According to Teva one out of five prescription drugs sold in Israel is made by them; one in seven in the US; and one in eight in the UK. 


It should be noted that biosimilars are not at all like producing Triumph motorcycles in India. People don’t usually need to ride a motorcycle to stay alive, yet the current structure of the global drug market means that cheaper biological drugs are a must for a huge number of people in India, China and Africa, not to mention Americans who can’t spend $70,000, even to stay alive. 


IN 2017, Teva fired 1,200 Israeli workers [they employed 6,200]. At the time, the evening news featured workers protesting outside closed factories, and angry editorials pointed out that Teva got significant tax breaks from the government to encourage it to maintain production in Israel and generate jobs – the same jobs it was now terminating. Doing the math, I realize that was around the time Shapir joined Teva.


Teva’s position, as expressed by Mati Gill, head of government affairs, corporate and international market, is that the cooperation with Science Abroad is done with the goal of “locating experienced and skilled talents that will enrich Israeli biopharma industries, which are a critical component to the growth of the Israeli economy.” He adds, “Teva, which sees its home in Israel, depends on [these two factors].”


He stresses that Teva isn’t focused solely on returning Israelis home so they can work for Teva. From Teva’s perspective, it’s always better for talent to come home and contribute to the industry. When the tide comes in, all the boats rise.


The trouble with biotech, explains Hess, is that you can’t create a security-derived application with seven guys working from a rented flat living on pizza. You need $1b., sterile factories and labs, and large teams of highly trained people. Even then, you may not make it, as the drug might react in ways different from what you expected.


This is why, while Israel is a global powerhouse in hi-tech innovation, it isn’t the first place to go to when people are considering biotech, at least not yet. Hess gives the example of stem cell research: a field once pioneered by Israelis is now almost without Israeli involvement. 


However, unlike Israeli hi-tech talents who, he says, “rarely wish to return from the ‘fleshpots of Egypt,’” Israeli talents in biotech do want to come back. Their problem? Well, they usually don’t have $1b. to finance their own research and they spent the last 15 years in a lab. One of the functions of this workshop is simply to allow scientists to get to know the industry and what paths it might have to offer them.


“It’s actually an upside-down pyramid,” Hess explains. “Almost everything important came from what we call curiosity-derived science – just allowing people to research what they find interesting. Yet bear in mind there’s a 20 to 30 year gap between the publication of the academic paper and the commercial drug it eventually led to.” 


He adds that in large and established companies, Bell Labs for example, they might even hire talent to just be a part of the discussion without a specific job in mind. Yet that sort of freedom is getting harder and harder to find, as universities face reduced funding and layoffs.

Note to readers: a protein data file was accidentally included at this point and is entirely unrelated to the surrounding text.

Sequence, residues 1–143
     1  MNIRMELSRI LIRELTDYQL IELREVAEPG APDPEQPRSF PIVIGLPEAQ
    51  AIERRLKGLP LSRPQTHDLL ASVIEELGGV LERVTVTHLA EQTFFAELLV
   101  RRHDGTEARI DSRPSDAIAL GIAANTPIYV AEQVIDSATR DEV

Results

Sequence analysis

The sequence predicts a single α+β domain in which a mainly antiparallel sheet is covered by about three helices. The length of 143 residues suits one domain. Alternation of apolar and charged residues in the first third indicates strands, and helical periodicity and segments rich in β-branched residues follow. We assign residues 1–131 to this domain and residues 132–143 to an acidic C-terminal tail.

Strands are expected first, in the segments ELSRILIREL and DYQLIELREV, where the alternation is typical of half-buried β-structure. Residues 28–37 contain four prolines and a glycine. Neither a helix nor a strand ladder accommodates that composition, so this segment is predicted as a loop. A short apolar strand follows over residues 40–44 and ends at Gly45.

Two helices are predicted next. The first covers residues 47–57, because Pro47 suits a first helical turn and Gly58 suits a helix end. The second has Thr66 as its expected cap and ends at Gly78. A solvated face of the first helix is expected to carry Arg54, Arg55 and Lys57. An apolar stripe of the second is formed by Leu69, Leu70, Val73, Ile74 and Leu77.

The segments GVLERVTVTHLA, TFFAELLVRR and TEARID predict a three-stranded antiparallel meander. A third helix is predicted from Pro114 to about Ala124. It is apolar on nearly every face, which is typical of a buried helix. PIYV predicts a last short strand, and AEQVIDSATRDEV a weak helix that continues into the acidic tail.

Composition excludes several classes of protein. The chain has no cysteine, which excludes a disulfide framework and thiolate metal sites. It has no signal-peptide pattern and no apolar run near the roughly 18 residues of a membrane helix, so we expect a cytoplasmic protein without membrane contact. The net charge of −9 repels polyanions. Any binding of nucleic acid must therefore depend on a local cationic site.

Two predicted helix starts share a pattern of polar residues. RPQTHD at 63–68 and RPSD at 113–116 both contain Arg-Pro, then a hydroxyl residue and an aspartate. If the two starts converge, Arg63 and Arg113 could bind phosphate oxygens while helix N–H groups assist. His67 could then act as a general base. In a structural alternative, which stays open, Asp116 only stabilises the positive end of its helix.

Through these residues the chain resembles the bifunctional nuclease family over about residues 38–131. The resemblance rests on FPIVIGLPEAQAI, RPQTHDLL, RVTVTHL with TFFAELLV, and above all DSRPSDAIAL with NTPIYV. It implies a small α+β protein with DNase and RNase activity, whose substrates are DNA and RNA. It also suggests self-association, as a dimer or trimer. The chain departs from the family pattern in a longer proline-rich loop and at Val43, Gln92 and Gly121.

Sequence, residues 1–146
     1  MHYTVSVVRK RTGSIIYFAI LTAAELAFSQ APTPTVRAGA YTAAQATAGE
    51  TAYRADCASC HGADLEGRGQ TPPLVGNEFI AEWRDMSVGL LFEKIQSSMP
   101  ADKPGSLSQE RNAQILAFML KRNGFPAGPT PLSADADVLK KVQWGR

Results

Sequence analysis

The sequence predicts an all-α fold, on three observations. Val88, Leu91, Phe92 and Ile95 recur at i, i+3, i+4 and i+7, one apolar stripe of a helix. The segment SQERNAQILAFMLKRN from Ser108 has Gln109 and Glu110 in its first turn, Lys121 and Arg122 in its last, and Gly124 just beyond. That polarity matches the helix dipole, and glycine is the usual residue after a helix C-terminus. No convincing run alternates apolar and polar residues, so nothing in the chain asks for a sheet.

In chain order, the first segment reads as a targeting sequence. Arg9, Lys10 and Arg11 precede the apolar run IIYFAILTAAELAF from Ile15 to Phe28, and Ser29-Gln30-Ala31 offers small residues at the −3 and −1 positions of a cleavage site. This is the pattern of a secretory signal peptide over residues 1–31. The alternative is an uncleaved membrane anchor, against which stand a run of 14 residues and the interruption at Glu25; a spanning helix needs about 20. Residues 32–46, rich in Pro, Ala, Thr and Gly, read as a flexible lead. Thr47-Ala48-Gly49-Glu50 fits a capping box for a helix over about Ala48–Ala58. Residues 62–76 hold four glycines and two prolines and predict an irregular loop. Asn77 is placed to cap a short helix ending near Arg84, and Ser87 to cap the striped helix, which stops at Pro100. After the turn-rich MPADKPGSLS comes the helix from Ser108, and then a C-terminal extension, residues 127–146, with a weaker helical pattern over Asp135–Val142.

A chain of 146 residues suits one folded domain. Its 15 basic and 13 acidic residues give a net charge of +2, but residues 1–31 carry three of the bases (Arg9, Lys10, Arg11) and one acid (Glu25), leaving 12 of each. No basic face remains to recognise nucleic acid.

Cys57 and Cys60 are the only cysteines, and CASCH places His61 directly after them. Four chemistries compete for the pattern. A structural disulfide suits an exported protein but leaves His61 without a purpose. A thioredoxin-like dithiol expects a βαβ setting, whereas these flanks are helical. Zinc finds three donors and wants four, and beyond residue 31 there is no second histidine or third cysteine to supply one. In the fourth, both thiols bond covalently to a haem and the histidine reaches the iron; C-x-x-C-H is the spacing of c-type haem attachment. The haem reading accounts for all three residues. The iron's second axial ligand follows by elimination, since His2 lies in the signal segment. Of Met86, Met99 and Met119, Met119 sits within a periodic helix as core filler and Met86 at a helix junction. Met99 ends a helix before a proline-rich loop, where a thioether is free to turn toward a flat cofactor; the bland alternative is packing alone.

“To get scientific training and skills is like getting a driver’s license,” he says. “You can go anywhere. It doesn’t matter if you drive this car or that car, what matters is what you do with it. We want them to consider using their driver’s license in other ways besides pure research.”


According to its press release, Science Abroad was able to assist the return of 700 Israeli scientists and maintain social contact with nearly 3,000, making it a logical starting point to anyone in the industry seeking Israeli talent as well as a comfortable connection to Israelis who don’t wish to become full-time, lifelong skilled immigrants. 


I RETURN to the buffet table and seek out Elad Eliahoo, who pioneered a novel way to castrate cats without requiring an operation.


Cats are among the most destructive species on the planet. This is not their fault; they’re furry predators humans favor and provide food and shelter to, and in warm countries, like Israel, street cats breed into fantastic figures and eat anything they can catch – whether mice or rare birds. 


Eliahoo was able to design a virus that carries an active component that causes the cat’s immune system to attack sex hormones, which means cats who get the shot do not go into heat and do not reproduce. Not only that, he adds, but the virus affects only the cat it was injected into and is highly unlikely to travel to other species. 


This blows my mind. Scientists, like Eliahoo, are currently able to hijack an immune system, give it commands, and design a delivery system for it. In theory, one could design such a virus to sterilize a specific community or to kick in if cells even begin to signal they are on the way to becoming a cancer cell.


Eliahoo explains that the shot is cheaper and easier to use than capturing cats, operating on them, and releasing them in the same spot, but my mind is at a different point by now. I’m thinking about the cat-sterilizing virus getting out of hand and wiping out other species, such as humans. 


Eliahoo gives me a highly patient look and explains that “the virus is not going to complete its life cycle, because we removed huge chunks of its genetic sequence so it can’t reproduce. To regain these chunks, the virus will have to find another virus and take them off it, which is so unlikely to be almost nil.” 


I use the classic line spoken by Jeff Goldblum in Jurassic Park (1993): “Life finds a way.” Eliahoo thinks about that for a moment, and then shares with me that vaccines against rabies are already given to feral animals using just such a mechanism.